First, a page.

Second day: Lancashire trail Worcestershire by 63 runs with nine second innings wickets standing.

He's 39 next month and long ago stopped counting hundreds, but there was still a refreshing enthusiasm about Graeme Hick's celebration of his latest century.

In effortlessly swatting Muttiah Muralitharan for a straight six back over the bowler's head, Hick eased ahead of the legendary W G Grace into outright 10th place in the famed hall of first-class centurions.

Ton No 127 was one of his more stunning efforts, 176 hit off just 231 balls out of a total of 306 in which the next-highest scorer made 22. On the way, he hit 20 fours and seven sixes.

It might have been a less happy ending had Lancashire skipper Mark Chilton not spilled him at third slip on 15 the previous evening. But Hick clearly enjoyed this one, more so than most of the 97 hundreds he has clubbed for Worcestershire.

"I don't know how many I've got left so it maybe gives me greater pleasure to score centuries now than at any stage," he said.

"But, with all due respect to the great batsmen that have gone before, landmarks don't really bother me. It doesn't matter whether I get 70 or 100 as long as I'm scoring runs for Worcestershire."

Hick will be 40 by the time his existing contract with Worcestershire runs out at the end of next season. But, after his best Championship season in 15 years last summer, and having started this season in fine form with a pre-season century at Chelmsford and 80 at Derby a fortnight ago, age is clearly not withering his talents.

"I've always enjoyed my cricket," he said. "If I finish this season the way I felt at the end of last summer, I'll carry on playing."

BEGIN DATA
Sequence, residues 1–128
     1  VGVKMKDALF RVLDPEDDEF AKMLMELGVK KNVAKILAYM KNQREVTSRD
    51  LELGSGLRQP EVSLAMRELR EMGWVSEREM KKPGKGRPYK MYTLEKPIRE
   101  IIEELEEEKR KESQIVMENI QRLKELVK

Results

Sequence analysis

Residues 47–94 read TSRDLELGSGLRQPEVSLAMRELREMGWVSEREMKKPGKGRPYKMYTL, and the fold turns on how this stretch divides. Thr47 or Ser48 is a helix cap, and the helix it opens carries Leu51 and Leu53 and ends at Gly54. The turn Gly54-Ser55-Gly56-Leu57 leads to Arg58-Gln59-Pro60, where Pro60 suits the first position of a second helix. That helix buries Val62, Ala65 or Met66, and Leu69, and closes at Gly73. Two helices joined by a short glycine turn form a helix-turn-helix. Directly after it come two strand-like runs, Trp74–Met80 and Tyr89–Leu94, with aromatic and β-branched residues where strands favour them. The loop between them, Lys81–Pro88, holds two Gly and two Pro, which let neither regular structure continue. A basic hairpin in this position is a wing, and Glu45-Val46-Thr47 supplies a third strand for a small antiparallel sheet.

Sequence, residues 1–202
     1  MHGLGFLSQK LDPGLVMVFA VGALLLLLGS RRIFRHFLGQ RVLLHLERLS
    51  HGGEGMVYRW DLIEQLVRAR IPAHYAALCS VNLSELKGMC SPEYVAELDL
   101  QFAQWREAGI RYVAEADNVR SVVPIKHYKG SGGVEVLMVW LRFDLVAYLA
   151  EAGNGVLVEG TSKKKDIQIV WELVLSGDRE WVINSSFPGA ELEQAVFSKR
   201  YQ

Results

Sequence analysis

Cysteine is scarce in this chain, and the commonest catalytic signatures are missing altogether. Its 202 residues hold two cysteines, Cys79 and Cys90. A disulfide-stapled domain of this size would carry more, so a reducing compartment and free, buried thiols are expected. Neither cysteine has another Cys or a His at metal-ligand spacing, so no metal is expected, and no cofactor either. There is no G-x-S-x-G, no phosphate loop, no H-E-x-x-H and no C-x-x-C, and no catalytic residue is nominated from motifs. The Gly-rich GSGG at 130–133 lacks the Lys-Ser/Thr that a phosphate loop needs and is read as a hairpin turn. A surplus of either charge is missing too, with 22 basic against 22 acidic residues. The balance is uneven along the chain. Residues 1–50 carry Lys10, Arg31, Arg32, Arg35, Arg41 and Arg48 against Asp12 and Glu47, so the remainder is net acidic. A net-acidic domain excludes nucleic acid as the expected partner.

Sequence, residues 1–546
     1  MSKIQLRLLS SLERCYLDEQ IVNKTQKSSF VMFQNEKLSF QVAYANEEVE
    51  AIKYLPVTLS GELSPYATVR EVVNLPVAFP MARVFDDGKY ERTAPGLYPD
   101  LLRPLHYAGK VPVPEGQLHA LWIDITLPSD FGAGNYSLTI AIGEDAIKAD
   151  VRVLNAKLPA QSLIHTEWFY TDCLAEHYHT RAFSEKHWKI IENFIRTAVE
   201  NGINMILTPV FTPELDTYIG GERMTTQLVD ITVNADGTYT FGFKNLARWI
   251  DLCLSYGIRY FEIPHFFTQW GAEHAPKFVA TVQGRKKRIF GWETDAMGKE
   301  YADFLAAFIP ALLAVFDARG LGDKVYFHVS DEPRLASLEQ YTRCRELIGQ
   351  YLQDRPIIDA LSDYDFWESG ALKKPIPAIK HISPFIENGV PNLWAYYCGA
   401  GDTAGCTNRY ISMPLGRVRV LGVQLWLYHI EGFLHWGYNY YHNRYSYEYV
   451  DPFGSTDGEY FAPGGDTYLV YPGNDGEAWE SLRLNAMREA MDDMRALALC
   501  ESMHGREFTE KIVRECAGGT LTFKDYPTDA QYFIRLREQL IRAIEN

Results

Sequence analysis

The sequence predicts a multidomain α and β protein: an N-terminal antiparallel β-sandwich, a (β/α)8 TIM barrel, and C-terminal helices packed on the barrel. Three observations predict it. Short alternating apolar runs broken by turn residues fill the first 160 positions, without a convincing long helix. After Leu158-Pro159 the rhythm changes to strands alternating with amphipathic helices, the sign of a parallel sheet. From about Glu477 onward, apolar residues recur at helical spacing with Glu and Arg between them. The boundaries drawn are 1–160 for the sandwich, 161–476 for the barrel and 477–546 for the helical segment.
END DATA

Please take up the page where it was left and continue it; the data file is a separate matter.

In an Ashes summer, it is only to be expected that there should be an almost ceaseless supply of journalists recording the growing failures of England's top batting contenders elsewhere in the country. But, while Hick's comparatively disappointing Test career ended more than four years ago, this was a well-timed way of reminding the selectors where the country's top run-maker still resides.

It was almost exactly 24 hours on from the much-touted Andrew Flintoff's fifth-ball duck for Lancashire when Hick reached three figures again.

He had only just survived a nervy moment in the 90s when he carved Sajid Mah-mood to third man, only for the ball to fly just over the head of the waiting fielder and over the rope. But his fifth six of the innings to reach that ton, straight back over Murali's head, was a majestic shot.

All of which was in contrast to the way the day had started for the home side. Stephen Peters was caught behind in only the fourth over, followed next ball by Ben Smith who got in a spin against Murali and offered the Sri Lankan trickster a return catch.

Skipper Vikram Solanki survived the hat-trick ball but lasted not much longer before edging to second slip; Gareth Batty fell leg before to Murali and Jamie Pipe drove one low to mid-off. But, from 130 for six, the tail wagged well enough for Hick to carry on accumulating.

Chaminda Vaas helped put on 64 for the seventh wicket and Kabir Ali dominated a 33-run stand for the eighth, as did Matt Mason for the ninth when he came in to smack four boundaries on the resumption after tea.

When James Anderson rearranged Mason's stumps even more effectively than Steve Harmison had managed in the middle of his hat-trick up at the Riverside last week, that ought to have been it. But being on the wrong end of an unintentional Anderson beamer brought out the best in David Wigley

The defiant young York-shireman kept Hick company long enough for the great man to be dropped again by a juggling Chilton at long-off on 140. And, after Dominic Cork failed in a bid to run 40 yards to catch him on 173 just three runs later, Hick's solo vigil was over when he finally holed out to Murali at mid off.

In reply, poor Chilton's misery was complete when Mason bowled him through the gate in the third over. But Iain Sutcliffe and Mal Loye negotiated the remaining 14 overs without alarm.